When disaster strikes, usually the first thing that happens is the power goes out. While earthquakes and hurricanes ravage nearby cities, your home might experience nothing more than a power outage. If that happens, count yourself lucky.
But what if the power stays out for a long time? Not just a day, but a week or two? Or longer? How well would you manage? Would you be sitting in silent darkness, shivering, eating beans from a can, and hoping looters don’t come to your neighborhood? Or would you be safe and comfortable like any other night?
This post assumes you’ve already stocked on at least a month’s worth of food and drinking water. But just having food and water isn’t enough. You also need to answer the following questions.
1. How Will I Find My Supplies?
Most preppers have extra food in the kitchen, medical supplies in the bathroom, clothes and gear in the closets, etc. But if the power goes out at night, you don’t want to be stumbling around a dark house looking for the things you need.
Instead, put together a small kit with essential items (flashlights, batteries, hand crank radio, first aid kit, lighters, cash, copies of important documents, and so forth) and put it in a place where it can easily be found in the dark.
2. How Will I Contact Loved Ones?
Although most cell towers have backup batteries and generators, not all of them do. And if the one closest to you isn’t up and running, you’re going to have trouble making calls. Even if it is working, it could become jammed due to an unusually high number of people trying to get in touch with one another.
3. How Will I See When It’s Dark?
Candles, oil lamps, and kerosene lamps are fine, but there’s a higher risk of fire with these, and kerosene, in particular, doesn’t smell very good. That’s why you’re probably better off getting solar and battery-powered lights. This lantern is inflatable, waterproof, and runs on solar power for up to 12 hours. You could also get a lamp that runs on batteries.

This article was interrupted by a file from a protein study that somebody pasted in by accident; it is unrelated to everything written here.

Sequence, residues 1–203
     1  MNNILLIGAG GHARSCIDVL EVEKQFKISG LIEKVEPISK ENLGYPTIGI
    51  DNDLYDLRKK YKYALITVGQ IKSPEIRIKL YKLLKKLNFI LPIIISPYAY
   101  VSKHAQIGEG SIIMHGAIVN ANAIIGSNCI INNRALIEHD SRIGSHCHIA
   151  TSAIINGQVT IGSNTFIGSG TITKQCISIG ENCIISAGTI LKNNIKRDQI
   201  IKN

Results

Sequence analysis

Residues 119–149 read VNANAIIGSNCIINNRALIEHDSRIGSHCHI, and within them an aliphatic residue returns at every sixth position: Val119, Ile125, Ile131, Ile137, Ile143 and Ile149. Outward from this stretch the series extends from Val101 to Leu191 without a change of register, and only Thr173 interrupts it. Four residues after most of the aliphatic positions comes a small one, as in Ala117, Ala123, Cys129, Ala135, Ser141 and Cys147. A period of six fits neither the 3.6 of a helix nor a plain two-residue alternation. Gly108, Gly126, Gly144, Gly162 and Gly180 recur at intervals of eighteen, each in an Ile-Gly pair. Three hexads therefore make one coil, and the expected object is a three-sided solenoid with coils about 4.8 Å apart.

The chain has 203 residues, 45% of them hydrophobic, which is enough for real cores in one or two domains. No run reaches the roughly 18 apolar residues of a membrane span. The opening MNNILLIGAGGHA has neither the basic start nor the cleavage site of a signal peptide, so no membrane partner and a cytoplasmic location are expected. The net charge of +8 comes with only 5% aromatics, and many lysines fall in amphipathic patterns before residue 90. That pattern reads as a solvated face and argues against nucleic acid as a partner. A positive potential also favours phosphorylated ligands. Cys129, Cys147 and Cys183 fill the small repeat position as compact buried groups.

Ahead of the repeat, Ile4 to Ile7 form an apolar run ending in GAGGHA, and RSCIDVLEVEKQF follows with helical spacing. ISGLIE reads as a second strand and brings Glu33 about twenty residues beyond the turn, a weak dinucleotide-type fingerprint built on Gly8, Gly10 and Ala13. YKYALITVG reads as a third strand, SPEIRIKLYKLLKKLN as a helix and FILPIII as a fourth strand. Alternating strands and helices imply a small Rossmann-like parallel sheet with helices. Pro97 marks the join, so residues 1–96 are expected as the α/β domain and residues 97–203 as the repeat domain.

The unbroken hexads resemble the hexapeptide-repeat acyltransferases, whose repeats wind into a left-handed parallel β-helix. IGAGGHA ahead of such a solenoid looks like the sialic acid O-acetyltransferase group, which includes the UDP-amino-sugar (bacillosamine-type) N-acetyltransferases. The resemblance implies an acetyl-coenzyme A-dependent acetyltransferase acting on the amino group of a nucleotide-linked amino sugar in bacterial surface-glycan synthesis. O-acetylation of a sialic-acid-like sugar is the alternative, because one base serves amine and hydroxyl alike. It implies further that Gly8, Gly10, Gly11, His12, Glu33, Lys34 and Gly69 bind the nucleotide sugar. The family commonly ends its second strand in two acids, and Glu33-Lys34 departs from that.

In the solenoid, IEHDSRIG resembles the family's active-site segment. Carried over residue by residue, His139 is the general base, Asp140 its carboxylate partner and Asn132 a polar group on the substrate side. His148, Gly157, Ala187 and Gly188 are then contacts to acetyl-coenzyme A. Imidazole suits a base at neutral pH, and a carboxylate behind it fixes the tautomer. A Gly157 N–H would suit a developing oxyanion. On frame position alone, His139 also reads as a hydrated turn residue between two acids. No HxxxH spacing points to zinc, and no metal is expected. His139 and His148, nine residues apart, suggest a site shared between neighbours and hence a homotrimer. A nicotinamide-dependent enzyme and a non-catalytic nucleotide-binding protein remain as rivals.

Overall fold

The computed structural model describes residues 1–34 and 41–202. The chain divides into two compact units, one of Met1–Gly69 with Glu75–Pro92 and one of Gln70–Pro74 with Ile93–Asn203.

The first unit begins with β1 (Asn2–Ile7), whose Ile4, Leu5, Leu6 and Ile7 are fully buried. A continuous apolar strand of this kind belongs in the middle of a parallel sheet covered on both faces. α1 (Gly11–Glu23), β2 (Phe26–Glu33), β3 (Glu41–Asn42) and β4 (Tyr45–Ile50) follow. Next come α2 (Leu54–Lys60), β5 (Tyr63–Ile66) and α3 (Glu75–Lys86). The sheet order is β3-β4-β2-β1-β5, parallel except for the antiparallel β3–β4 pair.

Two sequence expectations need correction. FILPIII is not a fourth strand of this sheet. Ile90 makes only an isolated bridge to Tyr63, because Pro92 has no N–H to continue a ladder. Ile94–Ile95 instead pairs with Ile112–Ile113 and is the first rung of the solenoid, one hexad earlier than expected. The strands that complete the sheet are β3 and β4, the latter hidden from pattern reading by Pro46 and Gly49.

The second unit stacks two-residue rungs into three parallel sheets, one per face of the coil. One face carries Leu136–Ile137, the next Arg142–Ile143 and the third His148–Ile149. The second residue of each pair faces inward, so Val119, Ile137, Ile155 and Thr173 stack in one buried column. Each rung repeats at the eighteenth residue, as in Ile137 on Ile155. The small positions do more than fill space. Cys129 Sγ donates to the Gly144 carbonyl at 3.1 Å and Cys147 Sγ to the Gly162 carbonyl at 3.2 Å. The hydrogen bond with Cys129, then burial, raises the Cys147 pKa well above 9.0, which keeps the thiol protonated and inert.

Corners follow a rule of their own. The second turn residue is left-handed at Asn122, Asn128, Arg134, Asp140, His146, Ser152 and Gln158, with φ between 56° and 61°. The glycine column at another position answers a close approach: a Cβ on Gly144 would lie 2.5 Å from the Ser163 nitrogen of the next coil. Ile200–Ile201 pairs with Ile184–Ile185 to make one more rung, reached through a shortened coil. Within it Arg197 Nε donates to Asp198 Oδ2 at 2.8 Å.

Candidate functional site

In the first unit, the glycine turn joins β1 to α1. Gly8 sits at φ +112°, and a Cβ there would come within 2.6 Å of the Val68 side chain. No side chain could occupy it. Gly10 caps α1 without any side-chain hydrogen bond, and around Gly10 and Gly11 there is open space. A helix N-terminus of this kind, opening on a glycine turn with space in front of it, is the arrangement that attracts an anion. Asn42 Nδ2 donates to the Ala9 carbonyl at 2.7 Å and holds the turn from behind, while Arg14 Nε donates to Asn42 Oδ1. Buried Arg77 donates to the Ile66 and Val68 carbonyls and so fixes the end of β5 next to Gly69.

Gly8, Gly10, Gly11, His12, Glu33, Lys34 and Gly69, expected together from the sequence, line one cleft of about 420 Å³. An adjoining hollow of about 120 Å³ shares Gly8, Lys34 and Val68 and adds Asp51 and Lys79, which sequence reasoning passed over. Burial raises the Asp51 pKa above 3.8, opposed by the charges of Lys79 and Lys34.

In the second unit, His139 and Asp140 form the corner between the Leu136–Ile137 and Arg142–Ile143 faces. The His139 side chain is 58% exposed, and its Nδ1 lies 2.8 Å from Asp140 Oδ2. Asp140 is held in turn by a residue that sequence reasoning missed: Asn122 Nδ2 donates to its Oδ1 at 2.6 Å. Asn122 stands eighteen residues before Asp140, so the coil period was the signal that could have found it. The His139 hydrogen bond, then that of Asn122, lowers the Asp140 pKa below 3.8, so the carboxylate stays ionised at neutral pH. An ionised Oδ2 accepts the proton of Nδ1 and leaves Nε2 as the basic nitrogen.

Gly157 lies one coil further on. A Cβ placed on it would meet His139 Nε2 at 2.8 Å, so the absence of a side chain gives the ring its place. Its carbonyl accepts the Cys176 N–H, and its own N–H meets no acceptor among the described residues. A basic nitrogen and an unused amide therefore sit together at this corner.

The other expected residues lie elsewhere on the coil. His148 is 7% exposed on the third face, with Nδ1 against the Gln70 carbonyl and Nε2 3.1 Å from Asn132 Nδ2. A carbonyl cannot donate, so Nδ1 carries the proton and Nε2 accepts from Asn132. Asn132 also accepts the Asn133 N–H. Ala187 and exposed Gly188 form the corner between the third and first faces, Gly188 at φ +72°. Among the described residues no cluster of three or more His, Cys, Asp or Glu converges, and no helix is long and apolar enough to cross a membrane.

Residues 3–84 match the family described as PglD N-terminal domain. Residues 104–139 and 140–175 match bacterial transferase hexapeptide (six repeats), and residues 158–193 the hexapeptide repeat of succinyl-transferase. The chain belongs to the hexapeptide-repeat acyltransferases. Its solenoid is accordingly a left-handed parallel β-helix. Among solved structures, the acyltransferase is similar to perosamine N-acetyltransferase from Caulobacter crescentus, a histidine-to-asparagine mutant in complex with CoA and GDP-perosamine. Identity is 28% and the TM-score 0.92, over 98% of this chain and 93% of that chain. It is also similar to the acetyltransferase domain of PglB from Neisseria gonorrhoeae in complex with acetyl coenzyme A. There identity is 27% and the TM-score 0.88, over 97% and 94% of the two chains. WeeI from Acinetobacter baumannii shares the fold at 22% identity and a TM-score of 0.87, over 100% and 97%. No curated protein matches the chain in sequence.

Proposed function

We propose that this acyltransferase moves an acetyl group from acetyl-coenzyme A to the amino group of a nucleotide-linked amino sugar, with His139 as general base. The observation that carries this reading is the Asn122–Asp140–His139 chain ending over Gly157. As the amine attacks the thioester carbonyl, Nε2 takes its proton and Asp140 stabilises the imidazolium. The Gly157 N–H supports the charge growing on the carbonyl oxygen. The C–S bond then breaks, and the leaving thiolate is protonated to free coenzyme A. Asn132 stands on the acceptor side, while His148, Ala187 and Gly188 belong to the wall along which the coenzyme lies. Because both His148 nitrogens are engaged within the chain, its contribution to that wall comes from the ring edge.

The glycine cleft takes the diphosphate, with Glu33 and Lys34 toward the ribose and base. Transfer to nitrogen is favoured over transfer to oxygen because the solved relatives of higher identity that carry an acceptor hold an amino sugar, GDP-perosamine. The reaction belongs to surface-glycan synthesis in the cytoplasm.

4. How Will I Power My Devices?
Let’s face it, most people will go crazy if their phones and tablets die and there is no background noise except for the sound of other people breathing. Get a solar USB charger, a solar battery charger, and some rechargeable batteries so you can power a radio or portable DVD player.
5. How Will I Pass The Time?
Devices are great, but you don’t want to spend the entire power outage staring at screens. That would be a waste of power, anyway. Instead, get some cards, puzzles, legos, board games, or anything else that you can do as a family to pass the time. The whole experience will be much more pleasant if you have fun things to do.
6. How Will I Preserve The Food In The Fridge?
First of all, make sure your freezer is packed because the more there is in your freezer, the longer it will take to thaw. Fill all the extra space with bottles of water and/or bags of ice. Then if the power is out for more than four hours, transfer the food in the fridge and some of the ice in the freezer to an ice chest.
7. How Will I Cook Food?
It’s one thing to own a camp stove or a Dutch oven, but have you ever practiced using them? You want to make sure you know how to cook a decent meal using alternative cooking methods because if you ruin dinner during a power outage, you won’t be able to call Dominos.